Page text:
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Let $A$ and $B$ be events, $P(A) = \frac{1}{4} $, $P(A\cup B) = \frac{1}{3} $ and $ P (B) = p $.

  1. Find $p$, if $A$ and $B$ are mutually exclusive.
  2. Find $p$, if $A$ and $B$ are independent.
  3. Find $p$, if $A$ is a subset $B$.

Can someone help me to solve it?

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Though there are hints now, what have you tried? Please tag the home work questions as such; don't worry--you'll get well thought out hints that should help you complete the solution. Regards, –  user21436 May 4 '12 at 11:53
1  
It's curious how much this reminds me of this problem where several people agreed that the solution was "not mathematical". –  MJD May 4 '12 at 12:59
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3 Answers 3

Hint.1: $P(A \cup B) = P(A) + P (B)$ when the two events are mutually exclusive.

Hint.2: $P(A \cap B) = P(A) \cdot P (B)$ when the two events are independent.

Hint.3: $P(A \cap B) = P(A) $ when $A$ is a subset of $B$.

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So, ok, I find this result in I) 1 = $P(A) + P(B)$, SO ... 1 = $\frac{1}{4} + $p SO ... p = $\frac{1}{1} - \frac{1}{4} = \frac{3}{4}$ –  mastergoo May 4 '12 at 13:01
    
That is right ? –  mastergoo May 4 '12 at 13:07
    
That's right @mastergoo. Well done. –  Gigili May 4 '12 at 13:17
    
II) $1 = P(A) * P(B)$ ... ... $1 = \frac{1}{3} * p$ ... ... $p = \frac{1}{\frac{1}{3}}$ ... ... $p = 3$ –  mastergoo May 4 '12 at 13:46
    
II) That's right ? –  mastergoo May 4 '12 at 13:48
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  • $ A$ and $B$ are mutually exclusive: $P(A \cap B)= 0$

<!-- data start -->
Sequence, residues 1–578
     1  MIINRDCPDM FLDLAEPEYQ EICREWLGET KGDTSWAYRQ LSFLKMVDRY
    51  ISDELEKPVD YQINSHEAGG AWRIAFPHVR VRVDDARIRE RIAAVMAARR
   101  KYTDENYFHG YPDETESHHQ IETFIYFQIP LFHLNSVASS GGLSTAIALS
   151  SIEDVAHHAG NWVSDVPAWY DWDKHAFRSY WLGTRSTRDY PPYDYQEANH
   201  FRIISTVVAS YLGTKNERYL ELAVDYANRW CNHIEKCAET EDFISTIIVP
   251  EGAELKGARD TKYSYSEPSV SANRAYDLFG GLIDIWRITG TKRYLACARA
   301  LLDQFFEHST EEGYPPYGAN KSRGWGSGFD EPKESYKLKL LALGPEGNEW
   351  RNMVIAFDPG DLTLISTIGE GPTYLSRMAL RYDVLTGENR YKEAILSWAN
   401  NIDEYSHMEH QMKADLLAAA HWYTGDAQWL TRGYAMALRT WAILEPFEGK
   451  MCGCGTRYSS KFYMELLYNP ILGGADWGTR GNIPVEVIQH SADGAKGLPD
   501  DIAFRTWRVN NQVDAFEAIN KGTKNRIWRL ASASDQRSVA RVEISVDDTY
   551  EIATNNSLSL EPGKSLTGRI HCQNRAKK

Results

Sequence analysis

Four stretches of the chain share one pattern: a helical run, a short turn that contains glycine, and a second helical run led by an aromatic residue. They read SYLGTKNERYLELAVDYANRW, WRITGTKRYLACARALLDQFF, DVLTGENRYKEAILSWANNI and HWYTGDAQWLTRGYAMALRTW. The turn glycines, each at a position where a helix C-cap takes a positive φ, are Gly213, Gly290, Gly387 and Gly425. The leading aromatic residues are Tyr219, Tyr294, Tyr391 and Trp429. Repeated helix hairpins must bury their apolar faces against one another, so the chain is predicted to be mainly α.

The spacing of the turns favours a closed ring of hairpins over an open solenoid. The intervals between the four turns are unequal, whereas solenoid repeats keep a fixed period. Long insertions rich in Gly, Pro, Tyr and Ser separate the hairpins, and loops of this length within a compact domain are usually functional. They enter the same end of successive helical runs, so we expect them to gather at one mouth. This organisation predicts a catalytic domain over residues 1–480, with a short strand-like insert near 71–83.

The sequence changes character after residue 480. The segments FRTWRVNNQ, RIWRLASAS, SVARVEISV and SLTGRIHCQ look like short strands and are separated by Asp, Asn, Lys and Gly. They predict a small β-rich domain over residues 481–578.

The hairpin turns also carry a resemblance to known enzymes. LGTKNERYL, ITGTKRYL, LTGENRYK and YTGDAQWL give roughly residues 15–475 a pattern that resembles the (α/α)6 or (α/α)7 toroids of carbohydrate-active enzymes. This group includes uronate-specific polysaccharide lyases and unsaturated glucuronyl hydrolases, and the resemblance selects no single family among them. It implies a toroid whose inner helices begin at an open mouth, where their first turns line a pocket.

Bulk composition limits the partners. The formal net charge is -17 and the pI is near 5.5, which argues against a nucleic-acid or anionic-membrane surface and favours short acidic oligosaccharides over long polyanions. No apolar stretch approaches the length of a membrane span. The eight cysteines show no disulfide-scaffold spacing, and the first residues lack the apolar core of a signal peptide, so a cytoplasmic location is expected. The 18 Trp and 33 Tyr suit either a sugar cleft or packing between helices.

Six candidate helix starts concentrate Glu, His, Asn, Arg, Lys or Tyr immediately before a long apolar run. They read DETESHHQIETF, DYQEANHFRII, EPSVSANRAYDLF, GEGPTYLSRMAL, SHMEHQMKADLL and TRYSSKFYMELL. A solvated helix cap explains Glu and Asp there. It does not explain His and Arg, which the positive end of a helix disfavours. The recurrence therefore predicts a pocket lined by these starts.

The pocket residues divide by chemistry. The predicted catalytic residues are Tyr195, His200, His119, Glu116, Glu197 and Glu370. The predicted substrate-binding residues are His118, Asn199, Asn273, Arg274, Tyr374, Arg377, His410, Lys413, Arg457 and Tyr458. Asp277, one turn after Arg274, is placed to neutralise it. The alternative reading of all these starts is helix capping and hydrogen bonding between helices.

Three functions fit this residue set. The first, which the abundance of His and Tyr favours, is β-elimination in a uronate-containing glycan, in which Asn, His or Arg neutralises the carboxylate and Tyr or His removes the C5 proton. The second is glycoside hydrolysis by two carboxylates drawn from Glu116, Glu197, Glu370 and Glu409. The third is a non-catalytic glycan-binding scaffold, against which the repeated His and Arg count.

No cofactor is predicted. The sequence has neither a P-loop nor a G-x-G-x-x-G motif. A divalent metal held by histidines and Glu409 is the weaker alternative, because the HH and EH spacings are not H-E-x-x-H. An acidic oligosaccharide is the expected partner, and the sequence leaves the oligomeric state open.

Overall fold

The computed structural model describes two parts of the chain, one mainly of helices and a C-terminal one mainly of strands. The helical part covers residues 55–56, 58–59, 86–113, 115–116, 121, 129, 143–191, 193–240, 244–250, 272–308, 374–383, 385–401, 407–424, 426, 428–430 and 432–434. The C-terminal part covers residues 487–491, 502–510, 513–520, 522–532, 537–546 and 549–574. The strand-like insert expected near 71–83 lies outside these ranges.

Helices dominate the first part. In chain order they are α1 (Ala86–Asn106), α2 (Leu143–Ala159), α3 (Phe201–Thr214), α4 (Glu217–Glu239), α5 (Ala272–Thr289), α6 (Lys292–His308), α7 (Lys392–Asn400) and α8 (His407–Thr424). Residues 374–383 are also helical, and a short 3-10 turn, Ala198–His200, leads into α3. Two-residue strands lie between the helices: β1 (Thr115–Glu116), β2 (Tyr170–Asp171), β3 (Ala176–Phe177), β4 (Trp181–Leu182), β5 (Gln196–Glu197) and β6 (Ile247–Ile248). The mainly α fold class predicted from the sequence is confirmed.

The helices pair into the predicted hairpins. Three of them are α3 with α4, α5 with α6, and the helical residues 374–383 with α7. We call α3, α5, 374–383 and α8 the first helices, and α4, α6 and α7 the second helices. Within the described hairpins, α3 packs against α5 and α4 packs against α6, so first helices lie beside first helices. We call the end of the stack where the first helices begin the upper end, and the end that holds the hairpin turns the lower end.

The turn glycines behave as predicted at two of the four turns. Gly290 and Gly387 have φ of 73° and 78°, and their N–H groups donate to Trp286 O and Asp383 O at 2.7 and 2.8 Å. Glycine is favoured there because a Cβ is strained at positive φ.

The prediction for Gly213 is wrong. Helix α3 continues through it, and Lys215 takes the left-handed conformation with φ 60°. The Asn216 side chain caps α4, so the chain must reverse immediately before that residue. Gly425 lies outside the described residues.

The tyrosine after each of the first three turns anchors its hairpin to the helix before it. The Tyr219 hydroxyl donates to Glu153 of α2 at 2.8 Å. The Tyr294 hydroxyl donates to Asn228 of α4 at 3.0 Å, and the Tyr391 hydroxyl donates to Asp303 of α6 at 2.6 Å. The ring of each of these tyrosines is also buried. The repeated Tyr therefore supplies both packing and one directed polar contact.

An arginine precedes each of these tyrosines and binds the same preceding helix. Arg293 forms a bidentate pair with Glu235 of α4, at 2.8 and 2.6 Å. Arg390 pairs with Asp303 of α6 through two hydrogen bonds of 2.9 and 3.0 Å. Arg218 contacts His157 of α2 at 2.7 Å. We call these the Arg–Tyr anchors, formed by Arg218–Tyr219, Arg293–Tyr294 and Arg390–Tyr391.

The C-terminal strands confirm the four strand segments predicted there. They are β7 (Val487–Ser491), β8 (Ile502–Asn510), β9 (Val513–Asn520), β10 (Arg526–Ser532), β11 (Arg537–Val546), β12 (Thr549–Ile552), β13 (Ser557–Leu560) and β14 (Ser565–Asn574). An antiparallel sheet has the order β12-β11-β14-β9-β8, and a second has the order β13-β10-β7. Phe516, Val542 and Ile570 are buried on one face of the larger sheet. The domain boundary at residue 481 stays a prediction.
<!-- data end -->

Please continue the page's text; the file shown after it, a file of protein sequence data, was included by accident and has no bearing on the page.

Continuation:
$P(A \cup B) = P(A) + P(B)$
    Then you can find value of $p$ using it.

  • $A$ and $B$ are independent: $P(A \cap B)= P(A) \cdot P(B)$
    $P(A \cup B) = P(A) + P(B)-P(A) \cdot P(B)$
    Then you can find value of p using it.

  • $A$ is a subset of $B$, that is, $A \subseteq B$: $A \cup B = B$
    That implies $P(A \cup B) = P(B)$
    Then you can find value of p using it.

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Dear Prasad, +1; Happy to see you contributing. I wanted to let you know that the site allows TeX mark up for the Math. Please TeXify your posts to add to your well-thought out answers. Regards, –  user21436 May 4 '12 at 11:50
    
Thank you for your suggestion and i am learning –  Prasad G May 4 '12 at 11:54
    
How can I solve III) ? –  mastergoo May 4 '12 at 14:05
    
Can you help-me ? –  mastergoo May 4 '12 at 17:35
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If $A$ and $B$ are independent events then $p(A \cap B) = p(A) \cdot p(B)$ and note that

  • $p(A \cup B) = p(A) + p(B) - p(A \cap B)$

This answers ii

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How can I solve III) ? –  mastergoo May 4 '12 at 14:05
    
@mastergoo: See the first answer –  user9413 May 4 '12 at 14:05
    
Ok, I saw but I can not understand. Logicaly if A is subset of B, A U B = B. –  mastergoo May 4 '12 at 14:07
    
@mastergoo: what does $A \subset B$ mean, it means all elements in $A$ are in $B$. Now, from this you have$A \cap B = A$, and hence $p(A\cap B) = p(A)$ –  user9413 May 4 '12 at 14:09
    
Oh, OK, I understand now.. My solution for I and II are right ? –  mastergoo May 4 '12 at 14:11
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